A roof-garden cannot, of course, be adopted by every house-owner, but where the roof is flat, and access to it is possible, a roof-garden forms a very charming feature often with the special attraction of complete privacy. It makes an ideal place for sun-bathing.
The plan should be as simple as possible, and one seat at least should be provided, as, of course, the joy of the roof-garden is in its provision of a quiet resting-place.
In a very small space, rock-gardens have a special appeal, and if the roof constitutes the only garden, a rock-garden is the best kind to be made there. Almost numberless plants can then be grown, which will add greatly to its interest. If a roof-garden is made on a modern house, in a rural district, it will probably be on quite a different line, ie. it will be boldly but simply decorative, perhaps being limited to a few clipped trees or pyramid conifers, and one or two bright bowls of seasonal flowers.
Before setting about the construction of the garden, the makers must make certain what weight the roof can take, and the garden must be planned accordingly. Any heavy weights must be kept to the parts of the roof where there is most support.
The essential thing for success in a roof-garden is to secure good. “Virgin soil is best, and to this should be added decayed manure at the rate of one-part manure to ten-parts of soil.
This soil must be used to a depth of at least 6 in., and should lie over inverted turves, so that it does not either become stagnant, or get washed away down the roof-gutters. The methods of supporting this soil vary greatly. In a little roof-garden, it is probably best to use deep boxes or tubs only. The boxes can be especially made to fit, using I-in. Thick wood, or they can be merely deep boxes of any convenient shape or size, stood wherever desirable on the roof.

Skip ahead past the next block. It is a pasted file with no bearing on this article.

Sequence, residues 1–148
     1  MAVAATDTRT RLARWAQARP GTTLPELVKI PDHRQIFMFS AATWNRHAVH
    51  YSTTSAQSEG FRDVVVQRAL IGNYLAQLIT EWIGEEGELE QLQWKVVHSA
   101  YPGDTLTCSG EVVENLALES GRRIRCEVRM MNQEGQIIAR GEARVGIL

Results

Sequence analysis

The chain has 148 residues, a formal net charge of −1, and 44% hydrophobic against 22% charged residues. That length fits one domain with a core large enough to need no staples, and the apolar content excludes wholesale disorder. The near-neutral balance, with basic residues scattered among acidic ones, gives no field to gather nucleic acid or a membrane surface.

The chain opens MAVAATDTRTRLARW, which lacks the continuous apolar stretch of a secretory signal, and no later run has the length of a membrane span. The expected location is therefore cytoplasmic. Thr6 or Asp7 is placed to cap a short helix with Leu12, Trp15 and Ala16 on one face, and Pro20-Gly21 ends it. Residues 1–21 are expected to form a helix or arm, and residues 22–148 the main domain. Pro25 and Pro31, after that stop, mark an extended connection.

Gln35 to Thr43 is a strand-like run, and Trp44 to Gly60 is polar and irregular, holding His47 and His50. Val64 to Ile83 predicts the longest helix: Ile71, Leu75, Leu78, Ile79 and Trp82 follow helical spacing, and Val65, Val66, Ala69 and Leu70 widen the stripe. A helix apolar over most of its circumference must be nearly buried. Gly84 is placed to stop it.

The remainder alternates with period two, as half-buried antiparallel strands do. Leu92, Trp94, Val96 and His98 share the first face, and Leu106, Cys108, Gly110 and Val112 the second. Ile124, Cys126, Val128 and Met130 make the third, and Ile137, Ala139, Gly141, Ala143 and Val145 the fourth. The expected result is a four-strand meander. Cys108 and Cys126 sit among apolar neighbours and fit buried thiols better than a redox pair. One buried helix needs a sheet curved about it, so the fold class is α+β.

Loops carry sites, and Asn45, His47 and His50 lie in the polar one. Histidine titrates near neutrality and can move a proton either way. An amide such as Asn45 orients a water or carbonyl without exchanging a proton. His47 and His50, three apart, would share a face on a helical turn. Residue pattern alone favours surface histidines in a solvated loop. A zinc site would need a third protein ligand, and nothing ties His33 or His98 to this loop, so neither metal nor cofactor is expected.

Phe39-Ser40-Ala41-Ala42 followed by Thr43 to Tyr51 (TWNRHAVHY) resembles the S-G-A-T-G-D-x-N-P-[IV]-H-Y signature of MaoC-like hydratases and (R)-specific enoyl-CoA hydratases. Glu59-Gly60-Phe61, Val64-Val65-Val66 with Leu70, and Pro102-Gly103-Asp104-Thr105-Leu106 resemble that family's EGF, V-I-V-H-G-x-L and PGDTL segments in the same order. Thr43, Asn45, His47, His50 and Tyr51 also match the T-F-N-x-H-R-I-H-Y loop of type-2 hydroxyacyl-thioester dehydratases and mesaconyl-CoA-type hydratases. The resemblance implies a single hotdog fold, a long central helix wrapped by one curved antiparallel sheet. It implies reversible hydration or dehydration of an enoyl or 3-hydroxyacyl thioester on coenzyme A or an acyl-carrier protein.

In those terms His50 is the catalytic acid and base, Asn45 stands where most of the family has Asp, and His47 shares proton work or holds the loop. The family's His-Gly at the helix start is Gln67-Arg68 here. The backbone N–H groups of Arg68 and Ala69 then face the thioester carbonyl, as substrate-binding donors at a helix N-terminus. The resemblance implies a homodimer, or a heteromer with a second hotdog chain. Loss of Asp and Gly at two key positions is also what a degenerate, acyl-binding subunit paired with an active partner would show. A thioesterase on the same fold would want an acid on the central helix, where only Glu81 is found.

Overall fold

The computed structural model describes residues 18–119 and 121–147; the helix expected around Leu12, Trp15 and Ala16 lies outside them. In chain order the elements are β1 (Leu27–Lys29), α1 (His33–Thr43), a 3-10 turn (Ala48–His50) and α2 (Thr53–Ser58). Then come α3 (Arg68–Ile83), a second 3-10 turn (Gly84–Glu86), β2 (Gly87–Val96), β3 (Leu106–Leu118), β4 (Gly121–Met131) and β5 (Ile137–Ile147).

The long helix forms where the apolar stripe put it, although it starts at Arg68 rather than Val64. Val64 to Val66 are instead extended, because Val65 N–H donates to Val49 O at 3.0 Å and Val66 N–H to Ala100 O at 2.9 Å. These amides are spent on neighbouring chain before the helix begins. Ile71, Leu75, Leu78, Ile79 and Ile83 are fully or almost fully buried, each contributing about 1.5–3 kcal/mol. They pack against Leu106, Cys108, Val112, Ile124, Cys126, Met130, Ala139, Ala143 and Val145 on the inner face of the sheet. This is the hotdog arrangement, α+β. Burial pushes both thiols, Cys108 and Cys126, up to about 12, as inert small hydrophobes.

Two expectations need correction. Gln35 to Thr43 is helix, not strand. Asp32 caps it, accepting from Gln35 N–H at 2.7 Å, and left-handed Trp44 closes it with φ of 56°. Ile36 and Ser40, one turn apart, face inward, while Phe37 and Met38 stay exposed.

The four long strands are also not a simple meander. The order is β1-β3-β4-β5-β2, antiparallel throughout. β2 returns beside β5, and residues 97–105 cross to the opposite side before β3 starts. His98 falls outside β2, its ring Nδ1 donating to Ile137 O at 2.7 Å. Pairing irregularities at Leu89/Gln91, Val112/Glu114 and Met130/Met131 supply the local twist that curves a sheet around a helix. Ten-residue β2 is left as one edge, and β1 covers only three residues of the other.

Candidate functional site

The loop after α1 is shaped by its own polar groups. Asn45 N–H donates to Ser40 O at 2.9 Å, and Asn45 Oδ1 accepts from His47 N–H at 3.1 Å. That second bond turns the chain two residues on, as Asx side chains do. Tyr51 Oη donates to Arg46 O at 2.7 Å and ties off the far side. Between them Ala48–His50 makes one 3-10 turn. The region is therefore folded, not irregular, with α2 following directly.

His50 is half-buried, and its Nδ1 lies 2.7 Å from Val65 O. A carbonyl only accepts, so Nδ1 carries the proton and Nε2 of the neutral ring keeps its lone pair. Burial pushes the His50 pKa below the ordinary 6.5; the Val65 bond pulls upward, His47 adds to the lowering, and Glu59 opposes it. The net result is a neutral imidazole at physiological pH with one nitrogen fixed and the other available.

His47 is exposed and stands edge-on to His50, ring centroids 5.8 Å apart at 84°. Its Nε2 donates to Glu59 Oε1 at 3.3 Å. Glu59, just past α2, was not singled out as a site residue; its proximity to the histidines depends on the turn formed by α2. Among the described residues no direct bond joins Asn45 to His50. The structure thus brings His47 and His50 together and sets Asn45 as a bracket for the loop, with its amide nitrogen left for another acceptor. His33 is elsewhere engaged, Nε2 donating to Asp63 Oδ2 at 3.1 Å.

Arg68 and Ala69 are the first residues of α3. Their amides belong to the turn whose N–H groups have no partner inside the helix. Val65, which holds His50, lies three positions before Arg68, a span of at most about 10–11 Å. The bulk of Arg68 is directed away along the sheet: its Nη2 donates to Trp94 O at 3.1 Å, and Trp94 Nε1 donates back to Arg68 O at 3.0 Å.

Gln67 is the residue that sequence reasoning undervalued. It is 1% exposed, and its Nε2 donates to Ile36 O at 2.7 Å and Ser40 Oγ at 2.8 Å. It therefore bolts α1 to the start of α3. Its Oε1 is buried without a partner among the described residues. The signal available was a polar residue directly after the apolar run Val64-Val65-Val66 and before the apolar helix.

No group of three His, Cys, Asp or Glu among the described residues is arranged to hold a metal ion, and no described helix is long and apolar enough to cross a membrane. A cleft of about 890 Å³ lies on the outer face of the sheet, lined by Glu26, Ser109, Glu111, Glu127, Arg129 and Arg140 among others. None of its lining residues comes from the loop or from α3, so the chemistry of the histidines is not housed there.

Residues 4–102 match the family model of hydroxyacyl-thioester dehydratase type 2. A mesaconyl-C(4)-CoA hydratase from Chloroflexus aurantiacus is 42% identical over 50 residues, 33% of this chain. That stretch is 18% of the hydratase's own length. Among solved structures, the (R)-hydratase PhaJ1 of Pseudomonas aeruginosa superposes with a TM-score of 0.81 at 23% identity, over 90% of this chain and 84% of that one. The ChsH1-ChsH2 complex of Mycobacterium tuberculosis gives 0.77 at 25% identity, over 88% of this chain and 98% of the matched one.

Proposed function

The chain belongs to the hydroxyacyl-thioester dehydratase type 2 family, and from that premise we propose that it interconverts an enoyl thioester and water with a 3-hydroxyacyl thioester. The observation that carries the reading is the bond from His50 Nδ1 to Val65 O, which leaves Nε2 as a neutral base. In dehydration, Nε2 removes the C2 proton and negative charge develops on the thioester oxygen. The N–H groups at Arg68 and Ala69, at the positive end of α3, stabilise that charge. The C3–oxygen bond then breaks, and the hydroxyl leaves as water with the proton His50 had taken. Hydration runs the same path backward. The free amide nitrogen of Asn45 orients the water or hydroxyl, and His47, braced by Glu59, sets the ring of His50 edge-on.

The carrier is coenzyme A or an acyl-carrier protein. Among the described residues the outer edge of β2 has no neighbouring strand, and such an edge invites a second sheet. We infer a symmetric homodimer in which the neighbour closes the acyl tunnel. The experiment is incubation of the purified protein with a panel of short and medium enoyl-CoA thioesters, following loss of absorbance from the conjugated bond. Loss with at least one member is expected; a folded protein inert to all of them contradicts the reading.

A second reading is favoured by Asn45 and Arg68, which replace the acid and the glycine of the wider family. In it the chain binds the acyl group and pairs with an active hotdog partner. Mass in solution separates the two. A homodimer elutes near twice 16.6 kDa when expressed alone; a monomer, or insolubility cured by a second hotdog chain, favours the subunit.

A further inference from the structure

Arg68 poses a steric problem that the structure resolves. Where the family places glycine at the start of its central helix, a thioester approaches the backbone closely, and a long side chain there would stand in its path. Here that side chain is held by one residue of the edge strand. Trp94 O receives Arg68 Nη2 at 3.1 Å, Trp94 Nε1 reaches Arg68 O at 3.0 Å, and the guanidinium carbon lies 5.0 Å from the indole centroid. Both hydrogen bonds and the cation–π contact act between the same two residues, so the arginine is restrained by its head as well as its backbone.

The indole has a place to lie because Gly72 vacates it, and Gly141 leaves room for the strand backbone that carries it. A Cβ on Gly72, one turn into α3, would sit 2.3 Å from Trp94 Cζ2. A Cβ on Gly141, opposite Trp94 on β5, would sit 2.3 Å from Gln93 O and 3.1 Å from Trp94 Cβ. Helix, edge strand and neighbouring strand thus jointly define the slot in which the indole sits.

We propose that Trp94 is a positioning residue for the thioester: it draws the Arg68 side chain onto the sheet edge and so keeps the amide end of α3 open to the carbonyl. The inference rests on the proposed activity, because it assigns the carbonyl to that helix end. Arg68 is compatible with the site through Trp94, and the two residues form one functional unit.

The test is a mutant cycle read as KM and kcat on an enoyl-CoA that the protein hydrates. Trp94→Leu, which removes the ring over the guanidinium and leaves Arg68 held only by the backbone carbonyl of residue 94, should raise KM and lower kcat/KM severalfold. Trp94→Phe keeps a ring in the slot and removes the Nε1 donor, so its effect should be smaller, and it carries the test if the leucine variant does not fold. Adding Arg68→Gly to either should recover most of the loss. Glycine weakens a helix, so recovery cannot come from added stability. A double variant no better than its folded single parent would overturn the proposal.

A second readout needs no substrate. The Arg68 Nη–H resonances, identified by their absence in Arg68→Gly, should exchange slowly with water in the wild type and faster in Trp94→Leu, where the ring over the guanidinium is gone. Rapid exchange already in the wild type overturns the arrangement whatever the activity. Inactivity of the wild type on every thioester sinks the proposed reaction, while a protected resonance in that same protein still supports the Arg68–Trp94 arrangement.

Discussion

In a larger scheme, concrete or brick walls, 10-m. high, can be built to enclose the soil beds. Holes must be left here and there to allow surplus water to drain away, and some protection should be given over the house-gutters to avoid trouble from soil washing into them. (This, by the way, is of great importance while the garden is under construction, and loose heaps of soil or turf lie on the roof.)
On enclosed beds of soil, grasscan be made, if the roof is sufficiently large. Or bold bedding schemes can be planned, as in the larger garden.
Foror shrubs, however, deeper containers such as tubs are necessary, and these can occupy key positions in the roof-garden plan. A large roof rock-garden would be built on the lines laid down elsewhere, but with the base of the rockery built on a cement or brick enclosure similar to the ones used for formal bedding. Even a shallow pool or rill could, in some cases, be included in the same manner by the ingenious gardener.
In any case drainage is an essential factor to the success of roof gardening.
This is best secured by inverting turves at the bottom of the box or flower border. In the walls of the border, tear holes must be left at intervals of 6 ft. to permit the escape of water, and simple seepage drains of broken bricks about 2 in. in depth can be led to these across the border underneath the soil. The drainage material should be placed in position before the turves are laid over the surface of the roof. It cannot be too much emphasized that the secret of success in a roof-garden is to provide sufficient depth of rich, turfy soil, 6 in. being considered a minimum quantity.
On the roof-garden, protection must be given from strong winds, according to the position of the house. Trellis work forms an effective screen, and quick-growing climbers such as Climbing Knotweed, Wistaria, and Roses of the Wichuraiana type, can cover it, their roots being happy enough in a tub or deep box, if the soil is rich and well drained.